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Vector Borne Zoonotic Dis. 2019 Feb 20. doi: 10.1089/vbz.2018.2387. [Epub ahead of print]

Reviewing the Potential Vectors and Hosts of African Swine Fever Virus Transmission in the United States.

Author information

1
2 Department of Veterinary Integrative Biosciences, Texas A&M University, College Station, Texas.
2
1 Texas A&M AgriLife Research, Department of Entomology, Texas A&M University, College Station, Texas.
3
3 Department of Microbiology, Immunology & Pathology, Colorado State University, Fort Collins, Colorado.

Abstract

African swine fever virus (ASFV) continues to threaten global animal health and agricultural biosecurity. Mitigating the establishment of ASFV in the United States (U.S.) is contingent on (1) the identification of arthropod vectors and vertebrate hosts that are capable of viral maintenance and transmission in the U.S. and (2) knowledge of vector-host associations that may permit transmission. We aggregated data on vector competence, host competence and tick-host associations by systematic review of published articles and collection records to identify species that may support the invasion of ASFV in the U.S. Three species of competent soft ticks occur in the U.S., Ornithodoros coriaceus, Ornithodoros turicata, and Ornithodoros puertoricensis, however, vector competence for the majority of soft ticks in the U.S. remains unknown. Three species of competent vertebrate hosts currently occur in the U.S.: domestic pigs (Sus scrofa domesticus), feral hogs (Sus scrofa), and common warthogs (Phacochoerus africanus). Hierarchical hazard categories based on vector competence, tick-host contact rates, and vector abundance were used to semiquantitatively rank U.S. soft tick species by their relative risk for contributing to ASFV transmission to identify which soft tick species are a priority for future studies. High-risk vector and host species identified in this study can be used to focus ASFV risk assessments in the U.S., guide targeted surveillance and control strategies, and proactively prepare for an ASFV incursion event. Results indicate O. coriaceus, O. turicata, and O. puertoricensis demonstrate the highest relative risk for contributing to ASFV transmission in the U.S., however, many gaps in knowledge exist preventing the full evaluation of at least 30 soft tick species in the U.S. Further study is required to identify soft tick vectors that interact with feral swine populations, elucidate vector competence, and further understand the biology of soft tick species.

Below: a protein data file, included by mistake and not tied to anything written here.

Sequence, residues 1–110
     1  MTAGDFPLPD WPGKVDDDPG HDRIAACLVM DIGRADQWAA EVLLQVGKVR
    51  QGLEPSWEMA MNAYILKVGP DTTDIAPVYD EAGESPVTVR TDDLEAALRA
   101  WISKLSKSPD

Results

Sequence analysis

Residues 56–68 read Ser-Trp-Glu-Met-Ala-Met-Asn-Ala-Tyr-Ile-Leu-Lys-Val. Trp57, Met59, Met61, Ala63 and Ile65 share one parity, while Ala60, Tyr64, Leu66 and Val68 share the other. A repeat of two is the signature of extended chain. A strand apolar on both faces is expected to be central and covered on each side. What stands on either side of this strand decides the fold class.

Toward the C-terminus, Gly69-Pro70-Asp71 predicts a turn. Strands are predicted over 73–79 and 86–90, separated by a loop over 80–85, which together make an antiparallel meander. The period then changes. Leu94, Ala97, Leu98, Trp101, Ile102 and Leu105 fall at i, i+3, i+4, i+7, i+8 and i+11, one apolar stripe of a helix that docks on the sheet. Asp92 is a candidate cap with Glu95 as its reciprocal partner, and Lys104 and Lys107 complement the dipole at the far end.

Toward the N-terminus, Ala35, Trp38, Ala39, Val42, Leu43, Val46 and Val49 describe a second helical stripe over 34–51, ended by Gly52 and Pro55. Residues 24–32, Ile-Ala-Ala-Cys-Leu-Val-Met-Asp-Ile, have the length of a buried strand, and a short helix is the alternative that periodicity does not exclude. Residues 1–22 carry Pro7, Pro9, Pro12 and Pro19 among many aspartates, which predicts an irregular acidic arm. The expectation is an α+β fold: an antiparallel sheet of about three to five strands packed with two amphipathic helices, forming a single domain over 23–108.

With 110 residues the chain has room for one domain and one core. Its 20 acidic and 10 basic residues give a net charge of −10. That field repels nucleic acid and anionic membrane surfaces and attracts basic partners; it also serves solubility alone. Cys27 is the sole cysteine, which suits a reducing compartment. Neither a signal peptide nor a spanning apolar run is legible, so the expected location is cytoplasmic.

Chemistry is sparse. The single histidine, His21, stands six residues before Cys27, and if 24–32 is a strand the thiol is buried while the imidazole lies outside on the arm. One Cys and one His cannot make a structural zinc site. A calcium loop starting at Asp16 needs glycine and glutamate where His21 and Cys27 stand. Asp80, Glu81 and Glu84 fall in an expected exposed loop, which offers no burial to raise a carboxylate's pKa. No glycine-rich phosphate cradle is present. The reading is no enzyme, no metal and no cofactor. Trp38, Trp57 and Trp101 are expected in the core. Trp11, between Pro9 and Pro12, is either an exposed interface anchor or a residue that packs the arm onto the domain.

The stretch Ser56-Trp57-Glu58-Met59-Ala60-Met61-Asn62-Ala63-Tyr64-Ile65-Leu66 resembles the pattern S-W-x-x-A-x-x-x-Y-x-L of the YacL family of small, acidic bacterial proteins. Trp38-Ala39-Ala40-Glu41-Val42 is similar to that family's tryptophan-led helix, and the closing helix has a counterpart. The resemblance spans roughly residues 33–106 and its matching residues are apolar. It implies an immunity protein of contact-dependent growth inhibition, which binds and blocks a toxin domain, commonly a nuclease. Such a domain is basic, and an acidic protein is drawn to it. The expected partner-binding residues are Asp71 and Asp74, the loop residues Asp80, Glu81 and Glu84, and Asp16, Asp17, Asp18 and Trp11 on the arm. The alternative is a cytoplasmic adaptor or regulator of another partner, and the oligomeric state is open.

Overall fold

KEYWORDS:

African swine fever; Argasidae; host competence; swine; vector competence

PMID:
30785371
DOI:
10.1089/vbz.2018.2387

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